Descriptive values (mean, SD, and range) for both groups at T = 0 and T = 24 for the blood parameters are shown in Table 2. All of the mean values of control horses (n=8) were within the reference range. However, one horse had elevated potassium level at T=0 and one horse had reduced potassium level at T=0 and elevated ionized calcium level in both blood samples. For the colic horses, the mean values of total magnesium and chloride were below the reference range, while the mean of glucose and L-lactate were above the reference range at admission (T = 0). At T = 0 a large number of colic horses had blood parameters outside the reference values stated by the laboratory, i.e. 16 out of 22 horses had glucose higher than reference values and for 13 of the colic horses total magnesium was below reference values. See numbers of horses outside reference values in Table 2.
Table 2

Blood parameters at admission (T = 0) and 12-24 hours after (T = 24) in control (n = 8) and colic (n = 22) horses

 

Lab reference value

Control (n = 8)

Colic (n = 22)

  

T = 0

T = 24

T = 0

T = 24†

 

Range

Mean

SD

Range

# horses

Mean

SD

Range

# horses

Mean

SD

Range

# horses

Mean

SD

Range

# horses

K + (mmol/L)

3.0-5.0

4.3

0.38

3.9-5.1

1 (>)

3.6

0.62

2.2-4.1

1 (<)

3.4

0.38

2.6-4.3

1 (<)

3.3

0.92

2.8-3.6

2 (<)

Na + (mmol/L)

132-146

138

1.05

136-139

0

139

1.51

136-141

0

136

2.70

130-139

2 (<)

137

35.43

136-140

0

iCa 2+ (mmol/L)

1.4-1.7

1.7

0.04

1.6-1.8

1 (>)

1.7

0.07

1.5-1.8

1 (>)

1.4

0.13

1.2-1.7

8 (<)

1.5

0.41

1.4-1.7

0

tMg 2+ (mmol/L)

0.74-1.20

NA

NA

NA

0

NA

NA

NA

0

0.71*

0.27*

0.49-1.71*

13 (<)

NA

NA

NA

NA

Cl - (mmol/L)

98-110

103

1.94

99-106

0

102

2.10

98-104

0

97

3.26

90-104

11 (<)

102

26.48

95-105

1 (<)

Glucose (mmol/L)

4.2-6.4

5.2

0.29

4.7-5.6

0

5.1

0.48

4.3-5.7

0

8.4

2.36

4.9-12.3

16 (>)

7.3

2.78

5-13.3

9 (>)

L-Lactate (mmol/L)

< 1.5

0.7

0.16

0.5-0.9

0

0.5

0.15

0.3-0.7

0

3.2

3.58

0.6-16

14 (>)

2.1

3.18

0.6-12.4

3 (>)

PCV (%)

32-50

35

2.76

32-40

0

37

4.91

31-47

0

39

7.75

24-60

1 (>)

34

6.08

27-46

0

pH

7.32-7.46

7.37

0.02

7.35-7.40

0

7.38

0.02

7.36-7.42

0

7.38

0.05

7.23-7.45

2 (<)

7.36

0.07

7.30-7.41

2 (<)

Mean, ± SD. Range for potassium (K+), sodium (Na+), ionized calcium (iCa2+), total magnesium (tMg2+), chloride (Cl-), glucose, and L-lactate. # horses denotes the number of horses that are outside the reference value. The brackets (<) or (>) indicate whether the values are below or above the reference values.

SD standard deviation, *n = 17, † n = 14, NA not available.

Comparison of means between control horses and colic horses at T = 0 showed significant differences in means of potassium (P < 0.001), sodium (P = 0.003), ionised calcium (P < 0.001), chloride (P < 0.001), glucose (P < 0.001), and L-lactate (P < 0.001). At the time of the second blood sample (T = 24), a significant difference was still present for ionised calcium (P = 0.003), glucose (P = 0.0026), and L-lactate (P < 0.001). No statistical significant difference in pH and PCV was found (Figure 2).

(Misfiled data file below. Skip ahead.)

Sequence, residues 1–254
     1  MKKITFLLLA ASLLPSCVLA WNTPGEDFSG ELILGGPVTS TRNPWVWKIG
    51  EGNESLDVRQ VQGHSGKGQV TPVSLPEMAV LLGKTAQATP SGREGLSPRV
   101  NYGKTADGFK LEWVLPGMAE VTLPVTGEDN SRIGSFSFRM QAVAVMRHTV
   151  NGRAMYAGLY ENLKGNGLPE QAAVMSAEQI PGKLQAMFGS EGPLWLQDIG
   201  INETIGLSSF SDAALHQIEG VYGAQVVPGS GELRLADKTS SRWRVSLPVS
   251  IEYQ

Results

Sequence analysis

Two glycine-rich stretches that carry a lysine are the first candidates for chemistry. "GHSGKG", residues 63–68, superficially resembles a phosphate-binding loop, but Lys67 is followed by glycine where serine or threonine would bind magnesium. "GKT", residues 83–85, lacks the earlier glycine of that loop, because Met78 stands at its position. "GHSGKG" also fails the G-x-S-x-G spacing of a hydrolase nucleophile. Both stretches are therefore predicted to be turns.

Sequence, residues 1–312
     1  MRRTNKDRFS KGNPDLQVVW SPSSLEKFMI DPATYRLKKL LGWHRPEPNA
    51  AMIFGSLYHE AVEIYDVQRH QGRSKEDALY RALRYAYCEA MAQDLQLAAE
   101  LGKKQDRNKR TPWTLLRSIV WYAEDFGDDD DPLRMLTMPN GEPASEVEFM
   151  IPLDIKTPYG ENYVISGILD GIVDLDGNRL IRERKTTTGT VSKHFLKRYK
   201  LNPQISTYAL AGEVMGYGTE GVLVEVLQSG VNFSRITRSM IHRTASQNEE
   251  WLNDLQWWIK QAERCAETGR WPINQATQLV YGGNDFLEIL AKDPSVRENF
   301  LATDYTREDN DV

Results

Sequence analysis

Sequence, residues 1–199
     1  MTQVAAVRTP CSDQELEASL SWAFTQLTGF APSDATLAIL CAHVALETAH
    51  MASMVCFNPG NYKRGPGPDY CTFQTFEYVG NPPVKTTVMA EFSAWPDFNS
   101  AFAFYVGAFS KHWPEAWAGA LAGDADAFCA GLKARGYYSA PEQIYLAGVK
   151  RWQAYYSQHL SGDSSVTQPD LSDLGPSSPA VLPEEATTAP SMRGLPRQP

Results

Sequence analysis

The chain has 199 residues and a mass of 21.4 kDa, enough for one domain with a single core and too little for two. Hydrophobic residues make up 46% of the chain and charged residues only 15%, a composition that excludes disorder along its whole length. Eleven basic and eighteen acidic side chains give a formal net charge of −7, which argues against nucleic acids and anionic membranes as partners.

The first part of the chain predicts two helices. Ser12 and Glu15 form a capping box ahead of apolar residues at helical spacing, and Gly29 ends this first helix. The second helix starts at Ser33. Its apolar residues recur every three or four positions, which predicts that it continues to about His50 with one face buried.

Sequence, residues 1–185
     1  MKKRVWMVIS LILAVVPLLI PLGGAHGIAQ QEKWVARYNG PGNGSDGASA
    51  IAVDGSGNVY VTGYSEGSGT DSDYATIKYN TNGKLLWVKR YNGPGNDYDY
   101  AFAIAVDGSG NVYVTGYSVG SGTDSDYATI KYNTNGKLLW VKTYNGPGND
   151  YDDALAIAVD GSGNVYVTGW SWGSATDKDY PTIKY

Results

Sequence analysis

Figure 2
Figure 2

Distribution of blood parameters. Mean ± SD for both groups at T = 0 and T = 24. Significant differences are indicated by asterisks (* = P < 0.05, ** = P < 0.01, *** = P < 0.001). The asterisks placed above the vertical bars indicate significant difference between the two groups. The asterisk placed nearby the horizontal bars indicate significant difference between T = 0 and T = 24 within the group (either control or colic).

Repeated measurements were analysed within the controls and colic groups comparing T = 0 and T = 24. A significant difference was found between start (T = 0) and end (T = 24) measurements in control horses for potassium (P = 0.022) and L-lactate (P = 0.014). For the colic horses, a significant increase in ionised calcium (P = 0.042) and chloride (P = 0.005) was found, whereas no significant changes for sodium and magnesium were observed. There was no significant difference in means of PCV or pH within or between groups at any time. Mean and SD are illustrated for all electrolytes, the metabolites glucose and L-lactate, pH, and PCV in Figure 2.

Discussion

This study describes the number of cardiac arrhythmias in colic horses compared to controls, and the association between arrhythmias and electrolyte disturbances.

Physiological arrhythmias are common in clinically normal horses at rest, such as sinus arrhythmias, second degree AV blocks and SA blocks [13],[14]. The majority of physiological arrhythmias are believed to be related to fluctuations in autonomic tone as horses exhibit high vagal tone, and it is well known that heart rate variability is positively correlated with parasympathetic activity within HR interval of 20-100 bpm [15]-[17]. In the present study, seven out of eight control horses exhibited AV blocks while this arrhythmia was present in eight out of 22 colic horses. Due to the stressful and painful condition most of the colic horses experienced, we would not expect them to develop AV blocks as theses arrhythmias primarily occur in resting clinically normal horses, probably influenced by the predominant parasympathetic nervous system. Nevertheless, a relatively high number of the colic horses had AV blocks, and we could therefore not document a significant difference between the two groups. One explanation for this could be that most of the colic horses received α2-adrenergic agonists as part of the medical treatment, which induces SA and AV blocks [18]. Administration of these drugs could be the reason why a relatively high prevalence of colic horses had normal physiological arrhythmias, despite the elevated HR caused by pain and stress that would normally depress vagal tone. In the present study, the exact time of drug administration to the colic horses was not registered, and therefore we are not able to correlate AV blocks with medication.